LSK to self-regulate in war on dirty cash


From left: Law Society of Kenya CEO Florence Muturi, Eric Theuri (LSK President) and Faith Odhiambo (LSK Vice President) addressing journalists.

Photo credit: Bonface Bogita | Nation Media Group

The Law Society of Kenya (LSK) has said that the deal signed with the State will see them self-regulate their members in the fight against money laundering but will keep the confidentiality of their clients.

Reacting to the Business Daily report on Wednesday, the LSK said the profession was bound by client-attorney privileges that seek to protect confidential information received from clients.

“The proposal made is to amend the Proceeds of Crime and Anti-Money Laundering Act 2009 and delete the provisions designating advocates as reporting agents as per the amendments done in 2021. Instead, the LSK be designated as a self-regulating body in line with the Financial Action Task Force standards for the protection of client-attorney privileges,” said LSK on X (formerly Twitter).

“The model protects any information received from clients in the process of establishing a client’s compliance with the law or advising clients whether he is in compliance with the law and litigation.”

Financial Reporting Centre (FRC) director-general Saitoti ole Maika told Parliament early this week that the State had reached an agreement with the lawyers’ body that would see advocates report clients involved in money laundering transactions.

“We have reached an agreement with the LSK that it shall be a self-regulatory organ and that lawyers will report on Proceeds of Crime and Anti-Money Laundering,” Mr Maika had stated.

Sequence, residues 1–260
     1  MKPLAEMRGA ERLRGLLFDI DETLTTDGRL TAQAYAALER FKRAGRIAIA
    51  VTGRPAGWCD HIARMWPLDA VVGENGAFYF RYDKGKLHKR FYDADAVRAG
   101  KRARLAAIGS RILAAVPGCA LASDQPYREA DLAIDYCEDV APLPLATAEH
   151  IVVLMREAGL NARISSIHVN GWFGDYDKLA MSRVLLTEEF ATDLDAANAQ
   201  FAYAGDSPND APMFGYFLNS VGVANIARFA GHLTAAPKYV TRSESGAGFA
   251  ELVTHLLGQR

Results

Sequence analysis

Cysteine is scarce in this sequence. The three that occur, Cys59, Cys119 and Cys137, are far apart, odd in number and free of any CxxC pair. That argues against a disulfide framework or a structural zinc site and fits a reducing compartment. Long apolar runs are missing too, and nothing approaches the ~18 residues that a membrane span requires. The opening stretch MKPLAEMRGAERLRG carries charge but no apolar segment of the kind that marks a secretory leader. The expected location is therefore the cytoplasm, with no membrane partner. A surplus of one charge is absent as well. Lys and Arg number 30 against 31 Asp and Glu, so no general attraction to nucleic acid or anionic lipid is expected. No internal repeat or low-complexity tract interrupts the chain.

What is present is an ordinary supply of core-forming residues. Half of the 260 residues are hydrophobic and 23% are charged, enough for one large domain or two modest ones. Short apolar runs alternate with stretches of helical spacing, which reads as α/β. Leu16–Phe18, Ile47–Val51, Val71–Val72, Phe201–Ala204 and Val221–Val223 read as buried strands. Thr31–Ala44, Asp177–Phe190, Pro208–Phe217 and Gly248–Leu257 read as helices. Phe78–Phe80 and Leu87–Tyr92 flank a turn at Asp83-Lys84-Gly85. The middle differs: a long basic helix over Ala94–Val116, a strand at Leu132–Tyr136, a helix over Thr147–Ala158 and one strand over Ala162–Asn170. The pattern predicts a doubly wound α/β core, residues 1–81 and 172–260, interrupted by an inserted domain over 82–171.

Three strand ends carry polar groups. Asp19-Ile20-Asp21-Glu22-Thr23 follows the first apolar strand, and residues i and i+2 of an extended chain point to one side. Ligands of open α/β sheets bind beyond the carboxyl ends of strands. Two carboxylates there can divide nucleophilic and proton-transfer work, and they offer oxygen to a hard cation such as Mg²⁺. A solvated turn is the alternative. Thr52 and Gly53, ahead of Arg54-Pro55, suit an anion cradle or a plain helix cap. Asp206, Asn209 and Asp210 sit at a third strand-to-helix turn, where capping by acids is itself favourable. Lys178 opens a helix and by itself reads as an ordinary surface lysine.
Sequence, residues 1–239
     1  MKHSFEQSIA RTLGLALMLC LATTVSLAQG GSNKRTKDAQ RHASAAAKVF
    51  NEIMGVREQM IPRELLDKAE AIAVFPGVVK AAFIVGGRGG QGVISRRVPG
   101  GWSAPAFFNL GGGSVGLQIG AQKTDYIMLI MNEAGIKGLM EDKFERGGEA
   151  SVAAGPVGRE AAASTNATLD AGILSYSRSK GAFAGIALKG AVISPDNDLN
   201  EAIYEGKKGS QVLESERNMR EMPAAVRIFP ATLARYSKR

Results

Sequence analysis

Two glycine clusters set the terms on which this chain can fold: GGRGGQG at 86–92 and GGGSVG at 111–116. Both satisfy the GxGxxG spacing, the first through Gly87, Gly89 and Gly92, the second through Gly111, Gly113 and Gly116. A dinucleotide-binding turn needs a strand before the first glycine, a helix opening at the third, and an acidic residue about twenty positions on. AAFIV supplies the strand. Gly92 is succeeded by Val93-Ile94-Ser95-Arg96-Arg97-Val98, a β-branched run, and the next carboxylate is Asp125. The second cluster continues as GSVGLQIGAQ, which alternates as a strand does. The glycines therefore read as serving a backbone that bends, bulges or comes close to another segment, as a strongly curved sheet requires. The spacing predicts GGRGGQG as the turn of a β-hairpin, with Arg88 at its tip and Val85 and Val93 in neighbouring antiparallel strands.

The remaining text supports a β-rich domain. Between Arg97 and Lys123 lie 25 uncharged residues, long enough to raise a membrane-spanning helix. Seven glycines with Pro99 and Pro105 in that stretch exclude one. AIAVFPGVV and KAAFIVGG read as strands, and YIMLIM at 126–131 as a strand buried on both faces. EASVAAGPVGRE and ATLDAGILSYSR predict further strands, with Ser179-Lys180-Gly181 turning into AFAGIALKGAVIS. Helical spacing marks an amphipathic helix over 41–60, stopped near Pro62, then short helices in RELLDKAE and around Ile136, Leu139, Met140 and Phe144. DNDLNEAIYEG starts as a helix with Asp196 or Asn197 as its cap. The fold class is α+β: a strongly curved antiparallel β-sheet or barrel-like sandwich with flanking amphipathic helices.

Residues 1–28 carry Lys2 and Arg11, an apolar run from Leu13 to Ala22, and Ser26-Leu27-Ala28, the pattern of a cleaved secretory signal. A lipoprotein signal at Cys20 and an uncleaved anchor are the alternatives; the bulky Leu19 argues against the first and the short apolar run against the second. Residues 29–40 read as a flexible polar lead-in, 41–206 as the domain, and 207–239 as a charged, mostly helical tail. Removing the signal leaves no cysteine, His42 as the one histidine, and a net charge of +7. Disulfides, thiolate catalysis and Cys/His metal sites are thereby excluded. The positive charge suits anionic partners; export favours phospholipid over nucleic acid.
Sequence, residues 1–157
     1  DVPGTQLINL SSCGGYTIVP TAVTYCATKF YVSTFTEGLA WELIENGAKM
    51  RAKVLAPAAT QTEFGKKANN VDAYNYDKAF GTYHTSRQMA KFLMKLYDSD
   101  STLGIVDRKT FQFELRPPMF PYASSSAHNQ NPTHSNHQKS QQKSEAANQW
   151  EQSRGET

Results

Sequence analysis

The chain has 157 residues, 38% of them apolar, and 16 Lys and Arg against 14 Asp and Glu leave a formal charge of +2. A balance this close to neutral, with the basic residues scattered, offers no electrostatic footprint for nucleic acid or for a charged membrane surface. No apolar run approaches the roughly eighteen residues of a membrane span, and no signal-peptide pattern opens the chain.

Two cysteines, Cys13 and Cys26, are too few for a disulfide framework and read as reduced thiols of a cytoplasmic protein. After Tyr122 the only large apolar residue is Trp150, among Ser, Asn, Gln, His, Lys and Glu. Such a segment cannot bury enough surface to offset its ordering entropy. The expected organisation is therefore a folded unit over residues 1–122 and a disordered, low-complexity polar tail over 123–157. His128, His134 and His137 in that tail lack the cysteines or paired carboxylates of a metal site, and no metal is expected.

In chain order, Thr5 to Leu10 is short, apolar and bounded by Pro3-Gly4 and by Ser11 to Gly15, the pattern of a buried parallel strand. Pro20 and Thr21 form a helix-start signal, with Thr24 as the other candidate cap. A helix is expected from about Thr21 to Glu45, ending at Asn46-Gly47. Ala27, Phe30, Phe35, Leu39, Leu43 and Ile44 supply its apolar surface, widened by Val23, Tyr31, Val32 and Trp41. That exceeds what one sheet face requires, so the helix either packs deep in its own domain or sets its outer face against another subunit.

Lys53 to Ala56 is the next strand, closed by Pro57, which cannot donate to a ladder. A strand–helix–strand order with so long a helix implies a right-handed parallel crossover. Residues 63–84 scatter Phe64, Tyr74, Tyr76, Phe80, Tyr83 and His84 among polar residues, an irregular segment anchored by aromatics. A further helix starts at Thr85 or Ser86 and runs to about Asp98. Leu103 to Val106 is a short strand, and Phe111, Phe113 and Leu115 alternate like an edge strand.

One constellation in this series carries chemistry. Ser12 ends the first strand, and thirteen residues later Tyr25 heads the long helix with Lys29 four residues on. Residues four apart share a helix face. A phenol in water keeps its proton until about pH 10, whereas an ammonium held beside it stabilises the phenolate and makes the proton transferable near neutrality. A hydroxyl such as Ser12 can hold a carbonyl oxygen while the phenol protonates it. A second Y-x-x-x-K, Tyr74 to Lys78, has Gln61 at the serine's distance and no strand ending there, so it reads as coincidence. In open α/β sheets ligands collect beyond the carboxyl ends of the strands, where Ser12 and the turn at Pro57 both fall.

But the LSK said its self-regulatory role would only entail monitoring and ensuring compliance within its membership as opposed to lawyers snitching on their clients.

The argument from the lawyers’ body comes despite the approval of amendments to the Proceeds of Crime and Anti-Money Laundering Act in 2019 by the National Assembly to compel lawyers to start disclosing suspicious financial deals involving their clients.

At the time, the lawyers had moved to court seeking a repeal of the amendments with the argument that changes to the Act were harmful to practising advocates.

The FRC had told Parliament that it had signed a consent with the LSK that would see the latter withdraw a suit that has blocked the implementation of the new law.

The Anti-Money Laundering and Combating of Terrorism Financing (Amendment) Bill, 2023, which is currently before the National Assembly’s Finance and National Planning Committee, seeks to, among other things, empower the LSK to regulate, supervise and enforce compliance for anti-money laundering and combating the financing of terrorism among lawyers, notaries and other legal professions.

The LSK currently lacks the powers to supervise its members as far as combating money laundering and terrorism financing is concerned.

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